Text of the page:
The Role of Attitudes toward Risk in the Decision to Migrate

Hector Conroy, University of California, Los Angeles

Geographic mobility plays a key role in the process of development in most low-income countries. This is especially true in Mexico, whose border with the U.S. has the largest flow of migrants in the contemporary world. Developing a good understanding of the socio-economic determinants of migration decisions has proved to be extremely difficult. This paper examines the role that attitudes toward risk play in the decision to migrate. It utilizes unprecedented longitudinal data on social, economic, and demographic outcomes from the Mexican Family Life Survey (MxFLS), which also includes migration histories and direct measures of people’s preferences—risk aversion among them. With these data, the paper tests directly whether people’s attitudes toward risk influence the decision to migrate and finds a (perhaps surprisingly) positive relation between financial risk aversion and willingness to migrate: The most financially risk averse seem to be the most willing to migrate.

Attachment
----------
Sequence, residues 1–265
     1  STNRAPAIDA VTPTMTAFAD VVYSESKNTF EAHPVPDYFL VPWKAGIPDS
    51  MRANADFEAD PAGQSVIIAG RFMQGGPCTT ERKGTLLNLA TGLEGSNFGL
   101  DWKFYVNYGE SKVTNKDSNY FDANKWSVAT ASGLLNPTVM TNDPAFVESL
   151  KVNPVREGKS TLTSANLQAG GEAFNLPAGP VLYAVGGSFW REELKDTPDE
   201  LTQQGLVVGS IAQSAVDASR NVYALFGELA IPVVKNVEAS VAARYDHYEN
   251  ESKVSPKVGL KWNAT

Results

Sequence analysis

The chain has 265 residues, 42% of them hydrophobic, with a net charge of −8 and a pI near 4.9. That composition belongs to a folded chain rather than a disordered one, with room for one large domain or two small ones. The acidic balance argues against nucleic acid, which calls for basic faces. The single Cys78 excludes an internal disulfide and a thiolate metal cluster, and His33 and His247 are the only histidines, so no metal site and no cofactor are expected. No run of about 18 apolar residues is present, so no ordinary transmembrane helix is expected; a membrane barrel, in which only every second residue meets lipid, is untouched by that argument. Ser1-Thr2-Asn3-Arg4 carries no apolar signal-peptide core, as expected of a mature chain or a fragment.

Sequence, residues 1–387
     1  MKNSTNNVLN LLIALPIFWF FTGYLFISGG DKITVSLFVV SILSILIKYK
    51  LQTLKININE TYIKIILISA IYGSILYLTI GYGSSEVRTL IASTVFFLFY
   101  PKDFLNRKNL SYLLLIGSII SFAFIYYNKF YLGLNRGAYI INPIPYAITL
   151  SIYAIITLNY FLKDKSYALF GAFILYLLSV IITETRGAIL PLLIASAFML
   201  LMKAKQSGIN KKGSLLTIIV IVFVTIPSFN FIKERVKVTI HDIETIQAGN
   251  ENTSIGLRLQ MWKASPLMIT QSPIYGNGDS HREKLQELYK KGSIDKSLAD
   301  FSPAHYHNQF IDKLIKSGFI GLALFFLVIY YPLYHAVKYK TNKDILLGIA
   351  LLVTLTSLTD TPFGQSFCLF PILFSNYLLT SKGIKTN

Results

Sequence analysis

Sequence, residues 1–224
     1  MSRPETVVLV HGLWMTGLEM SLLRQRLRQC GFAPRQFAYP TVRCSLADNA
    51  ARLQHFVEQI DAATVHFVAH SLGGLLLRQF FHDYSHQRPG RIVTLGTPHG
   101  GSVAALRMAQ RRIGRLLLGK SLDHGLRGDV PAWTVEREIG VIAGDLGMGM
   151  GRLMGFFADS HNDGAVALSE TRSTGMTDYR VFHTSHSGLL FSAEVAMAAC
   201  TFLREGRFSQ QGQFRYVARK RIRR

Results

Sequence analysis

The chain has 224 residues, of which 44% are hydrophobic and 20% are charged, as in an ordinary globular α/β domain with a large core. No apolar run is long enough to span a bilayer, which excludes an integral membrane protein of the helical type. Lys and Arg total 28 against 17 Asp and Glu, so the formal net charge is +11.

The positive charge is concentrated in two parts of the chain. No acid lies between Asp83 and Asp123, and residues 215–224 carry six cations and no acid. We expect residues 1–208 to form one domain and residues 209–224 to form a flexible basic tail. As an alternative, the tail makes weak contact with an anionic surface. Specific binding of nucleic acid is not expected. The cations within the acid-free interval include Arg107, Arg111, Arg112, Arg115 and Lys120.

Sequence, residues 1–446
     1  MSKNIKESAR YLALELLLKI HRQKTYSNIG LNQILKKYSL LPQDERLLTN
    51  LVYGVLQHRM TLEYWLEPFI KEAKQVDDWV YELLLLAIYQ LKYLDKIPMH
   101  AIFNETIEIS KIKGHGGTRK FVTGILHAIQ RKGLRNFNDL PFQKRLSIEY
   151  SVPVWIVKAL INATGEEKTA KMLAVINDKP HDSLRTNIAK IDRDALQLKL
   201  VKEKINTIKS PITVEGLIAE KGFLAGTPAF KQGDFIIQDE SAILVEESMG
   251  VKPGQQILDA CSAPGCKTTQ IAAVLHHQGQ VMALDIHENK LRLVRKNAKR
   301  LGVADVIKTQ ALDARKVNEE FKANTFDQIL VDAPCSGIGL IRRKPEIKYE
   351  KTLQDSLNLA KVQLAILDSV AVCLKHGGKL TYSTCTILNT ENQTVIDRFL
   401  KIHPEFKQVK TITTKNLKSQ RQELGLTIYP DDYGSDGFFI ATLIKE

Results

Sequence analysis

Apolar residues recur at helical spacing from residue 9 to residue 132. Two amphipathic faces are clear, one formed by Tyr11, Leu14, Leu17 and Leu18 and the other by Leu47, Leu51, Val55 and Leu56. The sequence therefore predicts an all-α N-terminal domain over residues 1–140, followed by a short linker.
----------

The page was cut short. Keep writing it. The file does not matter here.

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Presented in Session 14: Remittances and Risk in Internal Migration